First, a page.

She rubbed the gooey stuff around on my belly and then positioned my bed all the way down so that she had a good position to start pushing Jax around and then she began. I would like to say that I completely remember all of the details about this process, but I don't. It hurt. A lot. But it wasn't unbearable. She pushed and pushed and then would pause and give me a rest while leaving pressure on my belly to prevent Jax from going right back. She gave me big breaks at each quarter turn that she completed, but I couldn't wait for the last quarter turn to be done and over with.
The great news is that the aversion therapy worked like a charm. Sure, it hurt a bit, but honestly it wasn't as bad as I had been expecting. I wouldn't recommend it over a picnic in a park, but it had to be done and it worked beautifully. Now that Jax was in the right position, head down, he needed to engage and not turn around. Which meant that my water had to be broken.
This is a small point that I missed during the previous talks with my dr. I knew that being induced meant having Pitocin to initiate contractions, that much I knew.
What I didn't know is that before they start the Pitocin, they break your water. Or maybe I should say with my unique situation that meant that they needed to break my water first. This would prevent Jax from turning back around into his favorite position (transverse) due to the lack of fluid allowing him to turn. You see, when she did my sono back in her office, she also measured my fluid levels. Apparently you have to have a good amount of amniotic fluid left in order for aversion therapy to have a better chance of succeedng. Normally the week before your delivery date, your fluid level measures around 10. I had 18. (I'm not entirely sure about what the water is measured in - Liters, Gallons, whatever - so I'll refrain from saying what it is. Either way, normal was 10 and I was at an 18.)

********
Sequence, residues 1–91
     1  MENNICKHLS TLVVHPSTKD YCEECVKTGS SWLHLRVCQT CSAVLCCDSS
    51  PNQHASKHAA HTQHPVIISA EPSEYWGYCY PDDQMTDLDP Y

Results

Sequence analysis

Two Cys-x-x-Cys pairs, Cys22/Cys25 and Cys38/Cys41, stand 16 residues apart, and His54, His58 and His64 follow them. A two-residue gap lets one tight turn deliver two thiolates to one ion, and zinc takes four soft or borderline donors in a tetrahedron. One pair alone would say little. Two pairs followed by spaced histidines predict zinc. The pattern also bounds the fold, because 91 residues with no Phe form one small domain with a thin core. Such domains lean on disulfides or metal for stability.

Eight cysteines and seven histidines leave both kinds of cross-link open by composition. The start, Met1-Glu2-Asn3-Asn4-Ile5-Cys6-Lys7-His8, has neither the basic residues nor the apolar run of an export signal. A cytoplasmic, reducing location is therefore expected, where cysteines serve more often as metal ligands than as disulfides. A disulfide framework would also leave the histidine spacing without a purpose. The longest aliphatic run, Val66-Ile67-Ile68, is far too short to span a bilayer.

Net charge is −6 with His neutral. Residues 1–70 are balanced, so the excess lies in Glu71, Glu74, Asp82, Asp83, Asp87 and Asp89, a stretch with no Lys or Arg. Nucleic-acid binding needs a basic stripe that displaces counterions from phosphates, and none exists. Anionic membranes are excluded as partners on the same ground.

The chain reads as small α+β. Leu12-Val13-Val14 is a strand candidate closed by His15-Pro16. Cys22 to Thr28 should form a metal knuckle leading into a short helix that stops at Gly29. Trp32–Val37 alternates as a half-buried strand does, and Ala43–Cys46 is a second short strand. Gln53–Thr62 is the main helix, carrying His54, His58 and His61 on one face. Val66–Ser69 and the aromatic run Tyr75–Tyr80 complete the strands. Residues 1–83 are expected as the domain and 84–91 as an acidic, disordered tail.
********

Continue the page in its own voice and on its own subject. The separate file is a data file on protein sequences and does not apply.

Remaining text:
I'll be perfectly honest here and tell you that her breaking my waters hurt a HELL of a lot more than the aversion therapy. I meant a LOT more. Maybe that had something to do with the fact that while she was down there trying to speed things along, she also stripped my membranes. Then she used the big "crochet hook" to break my bag. Or maybe I should say tried to break my bag.
Some fluid came out, but not the big gush that she was expecting with my fluid levels. She didn't think that she got a good puncture out of the procedure, so she left me for an hour to see what would happen and then come back to check me in an hour. In the meantime they started the Pitocin on me to get my contractions going.